The proposed merger will concentrate huge blocks of spectrum in one company with every incentive not to use it. Assuming that AT&T's licenses are spread equally around the U.S. and that BellSouth's licenses are located primarily in the BellSouth service area (as appears to be the case), then prior to the merger, approximately 40 percent of the BellSouth and 30 percent to 35 percent of the AT&T licenses are located in the parent Bell operating company's (BOC) service area and are not likely to be used to compete with companies' wireline broadband services.

The postmerger wireline service area will be much larger, however, and substantially less than 50 percent of the spectrum would be out of region. It is unlikely that a postmerger AT&T would have any incentive to develop this spectrum for wireless broadband. Competing with itself in-region would not be attractive; and BOCs have yet to engage in meaningful competition out of region.

Given this scenario, competitors can be expected to argue that the FCC and the Antitrust Division should require BellSouth and AT&T to divest at least their in-region 2.3GHz and 2.5GHz spectrum (together with any existing deployments). Divestiture benefits consumers and businesses if the spectrum is used by an entity or entities that will compete in the broadband, backhaul and special access markets.

It may even be argued that AT&T and BellSouth should be required also to divest all their out-of-region spectrum in order to enable nationwide competition.

Preventing a BOC from acquiring assets that could be used to compete with its core wireline business--and in this case also with its growing wireless business--is not a novel idea. In the Primestar case a few years ago, for example, the Antitrust Division prevented cable operators from buying DBS satellite assets, for fear they would warehouse the satellites in order to prevent new entrants from using them to compete with traditional cable TV.

Similar precedents involve the divestiture of manufacturing plants, drug compounds in the FDA approval pipeline, and other competitive assets in non-telecom markets.

The FCC ought to be particularly receptive to such arguments, given the importance that former Chairman Michael Powell and current Chairman Kevin Martin have placed on the development of facilities-based intermodal competition in their decisions and public statements these last few years. Intermodal competition cannot develop if two of the three modes--wireline and wireless--are in the hands of a single, gigantic company.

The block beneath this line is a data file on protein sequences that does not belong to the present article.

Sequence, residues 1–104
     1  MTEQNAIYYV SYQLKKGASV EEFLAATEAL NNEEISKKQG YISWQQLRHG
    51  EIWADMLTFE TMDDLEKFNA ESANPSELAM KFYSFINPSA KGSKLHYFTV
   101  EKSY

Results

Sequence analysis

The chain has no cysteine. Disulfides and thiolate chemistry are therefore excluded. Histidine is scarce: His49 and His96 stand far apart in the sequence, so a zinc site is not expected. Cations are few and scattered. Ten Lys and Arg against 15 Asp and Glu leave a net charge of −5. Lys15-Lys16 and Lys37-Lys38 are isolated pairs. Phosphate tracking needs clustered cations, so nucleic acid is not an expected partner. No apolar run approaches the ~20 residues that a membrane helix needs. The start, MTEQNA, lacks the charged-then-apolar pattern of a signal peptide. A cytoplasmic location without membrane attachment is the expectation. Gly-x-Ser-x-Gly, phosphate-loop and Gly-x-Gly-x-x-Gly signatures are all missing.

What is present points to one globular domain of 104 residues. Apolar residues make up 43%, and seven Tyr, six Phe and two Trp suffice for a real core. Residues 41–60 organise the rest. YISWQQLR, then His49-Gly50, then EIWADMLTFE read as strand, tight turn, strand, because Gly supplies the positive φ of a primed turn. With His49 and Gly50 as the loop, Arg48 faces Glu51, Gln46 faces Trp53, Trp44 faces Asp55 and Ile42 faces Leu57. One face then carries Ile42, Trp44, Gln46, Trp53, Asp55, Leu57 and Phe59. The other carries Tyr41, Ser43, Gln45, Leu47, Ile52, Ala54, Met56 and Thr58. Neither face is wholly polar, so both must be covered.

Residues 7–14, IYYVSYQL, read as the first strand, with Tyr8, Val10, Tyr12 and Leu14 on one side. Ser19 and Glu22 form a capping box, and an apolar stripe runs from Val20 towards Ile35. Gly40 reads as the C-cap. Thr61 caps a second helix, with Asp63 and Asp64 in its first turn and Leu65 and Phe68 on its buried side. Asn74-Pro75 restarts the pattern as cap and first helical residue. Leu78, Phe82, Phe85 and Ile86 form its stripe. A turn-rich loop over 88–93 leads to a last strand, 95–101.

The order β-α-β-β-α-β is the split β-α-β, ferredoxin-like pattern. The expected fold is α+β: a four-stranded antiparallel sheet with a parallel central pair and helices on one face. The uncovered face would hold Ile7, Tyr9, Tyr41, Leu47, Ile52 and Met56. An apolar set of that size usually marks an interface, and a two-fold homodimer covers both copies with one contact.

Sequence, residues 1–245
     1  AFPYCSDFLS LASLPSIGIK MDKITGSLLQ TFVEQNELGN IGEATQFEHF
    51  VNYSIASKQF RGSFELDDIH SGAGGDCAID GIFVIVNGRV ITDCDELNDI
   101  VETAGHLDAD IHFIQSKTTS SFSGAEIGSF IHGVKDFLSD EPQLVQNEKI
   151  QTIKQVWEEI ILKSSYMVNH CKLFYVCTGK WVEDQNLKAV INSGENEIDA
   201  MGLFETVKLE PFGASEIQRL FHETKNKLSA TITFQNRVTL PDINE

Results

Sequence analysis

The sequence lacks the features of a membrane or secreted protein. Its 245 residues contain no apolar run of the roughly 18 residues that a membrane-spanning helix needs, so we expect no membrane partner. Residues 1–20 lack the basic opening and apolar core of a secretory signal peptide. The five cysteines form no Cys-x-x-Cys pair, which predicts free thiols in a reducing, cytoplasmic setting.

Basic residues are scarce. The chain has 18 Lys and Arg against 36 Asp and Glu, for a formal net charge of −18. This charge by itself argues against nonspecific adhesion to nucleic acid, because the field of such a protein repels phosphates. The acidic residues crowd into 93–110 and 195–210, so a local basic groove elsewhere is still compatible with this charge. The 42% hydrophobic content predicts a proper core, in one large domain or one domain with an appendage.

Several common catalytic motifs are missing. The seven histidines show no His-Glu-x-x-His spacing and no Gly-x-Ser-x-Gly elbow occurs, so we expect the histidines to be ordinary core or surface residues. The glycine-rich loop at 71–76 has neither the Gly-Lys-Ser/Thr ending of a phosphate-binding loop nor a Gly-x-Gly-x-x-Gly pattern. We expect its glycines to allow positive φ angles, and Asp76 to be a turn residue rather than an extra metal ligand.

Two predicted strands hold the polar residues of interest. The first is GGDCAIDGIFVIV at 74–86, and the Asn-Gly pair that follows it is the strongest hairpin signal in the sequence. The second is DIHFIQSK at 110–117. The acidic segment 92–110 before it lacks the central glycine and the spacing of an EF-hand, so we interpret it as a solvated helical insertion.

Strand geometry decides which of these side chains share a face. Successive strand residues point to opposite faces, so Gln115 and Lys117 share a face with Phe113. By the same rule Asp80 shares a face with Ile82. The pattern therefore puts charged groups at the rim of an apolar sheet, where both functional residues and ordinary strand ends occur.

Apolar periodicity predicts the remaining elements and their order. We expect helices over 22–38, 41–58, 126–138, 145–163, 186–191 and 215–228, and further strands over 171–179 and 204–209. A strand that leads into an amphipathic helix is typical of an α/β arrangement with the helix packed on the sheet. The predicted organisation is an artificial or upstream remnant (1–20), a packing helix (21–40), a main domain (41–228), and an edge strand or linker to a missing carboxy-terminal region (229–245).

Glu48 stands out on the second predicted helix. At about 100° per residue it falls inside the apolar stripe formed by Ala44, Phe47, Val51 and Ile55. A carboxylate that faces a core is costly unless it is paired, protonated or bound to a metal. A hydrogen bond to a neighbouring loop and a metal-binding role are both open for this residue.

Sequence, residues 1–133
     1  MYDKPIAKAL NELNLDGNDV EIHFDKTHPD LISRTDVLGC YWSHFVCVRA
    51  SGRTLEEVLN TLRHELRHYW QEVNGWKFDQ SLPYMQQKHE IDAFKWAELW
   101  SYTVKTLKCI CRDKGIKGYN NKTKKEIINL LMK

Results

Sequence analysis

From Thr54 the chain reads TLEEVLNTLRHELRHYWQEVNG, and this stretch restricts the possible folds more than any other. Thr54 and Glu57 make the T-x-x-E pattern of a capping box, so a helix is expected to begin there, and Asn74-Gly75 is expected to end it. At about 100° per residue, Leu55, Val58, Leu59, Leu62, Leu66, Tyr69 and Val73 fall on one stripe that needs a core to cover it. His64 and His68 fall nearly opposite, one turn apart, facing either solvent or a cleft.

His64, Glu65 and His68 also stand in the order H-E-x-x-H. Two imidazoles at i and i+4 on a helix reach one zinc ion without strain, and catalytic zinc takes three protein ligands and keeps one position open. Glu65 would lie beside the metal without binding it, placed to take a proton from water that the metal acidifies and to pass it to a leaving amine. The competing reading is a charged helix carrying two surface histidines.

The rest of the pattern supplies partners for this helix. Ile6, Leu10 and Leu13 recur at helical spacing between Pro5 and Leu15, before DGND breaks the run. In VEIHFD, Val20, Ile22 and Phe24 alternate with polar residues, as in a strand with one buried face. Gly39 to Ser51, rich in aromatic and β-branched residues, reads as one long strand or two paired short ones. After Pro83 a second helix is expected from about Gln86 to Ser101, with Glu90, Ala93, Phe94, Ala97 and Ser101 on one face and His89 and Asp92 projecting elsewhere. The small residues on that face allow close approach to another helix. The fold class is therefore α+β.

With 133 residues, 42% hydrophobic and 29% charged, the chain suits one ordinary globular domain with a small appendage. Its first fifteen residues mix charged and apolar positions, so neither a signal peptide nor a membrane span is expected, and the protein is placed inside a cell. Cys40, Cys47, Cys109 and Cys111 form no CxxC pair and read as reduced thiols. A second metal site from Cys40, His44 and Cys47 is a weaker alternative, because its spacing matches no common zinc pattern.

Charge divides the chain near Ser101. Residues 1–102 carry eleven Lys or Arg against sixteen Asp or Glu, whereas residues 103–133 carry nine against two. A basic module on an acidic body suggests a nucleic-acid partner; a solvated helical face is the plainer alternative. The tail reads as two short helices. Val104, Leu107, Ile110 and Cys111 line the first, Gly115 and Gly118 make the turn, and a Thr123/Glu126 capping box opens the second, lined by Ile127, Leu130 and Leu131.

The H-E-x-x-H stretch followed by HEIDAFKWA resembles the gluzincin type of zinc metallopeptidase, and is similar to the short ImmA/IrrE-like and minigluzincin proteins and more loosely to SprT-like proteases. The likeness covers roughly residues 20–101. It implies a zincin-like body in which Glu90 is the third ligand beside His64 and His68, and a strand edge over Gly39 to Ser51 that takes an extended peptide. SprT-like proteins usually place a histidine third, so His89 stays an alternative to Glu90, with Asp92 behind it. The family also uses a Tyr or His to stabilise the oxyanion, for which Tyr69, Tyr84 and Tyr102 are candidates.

Interestingly, the fact that the FCC has in the past permitted BOC ownership of this spectrum and never found it to be a problem is irrelevant. The public interest standard that the FCC applies in merger approval proceedings is based partly on antitrust analysis, but also explicitly permits it to "consider technological and market changes, and the nature, complexity and speed of change of--as well as trends within--the communications industry."

Thus, the FCC could take into account the recent technological and market changes that have transformed this spectrum into a valuable competitive alternative to wireline broadband services. The FCC could determine that the merger, by effectively shielding so much spectrum from the hands of potential competitors, would not be in the public interest absent substantial spectrum divestiture.

The Antitrust Division may also act. Provided it found that the spectrum controlled by the postmerger company represents a source of substantial potential competition, it would be fairly straightforward for it to conclude that without divestiture of the spectrum, the effect of the merger "may be to substantially lessen competition"--the standard it must follow in reviewing mergers under the Clayton Act.

Whether the FCC or the Antitrust Division in this administration will take competition-preserving action is an open question. But for those who seek competition in U.S. broadband markets, and for proponents of network neutrality for whom a third pipe could be a godsend, it certainly looks like a fight worth fighting.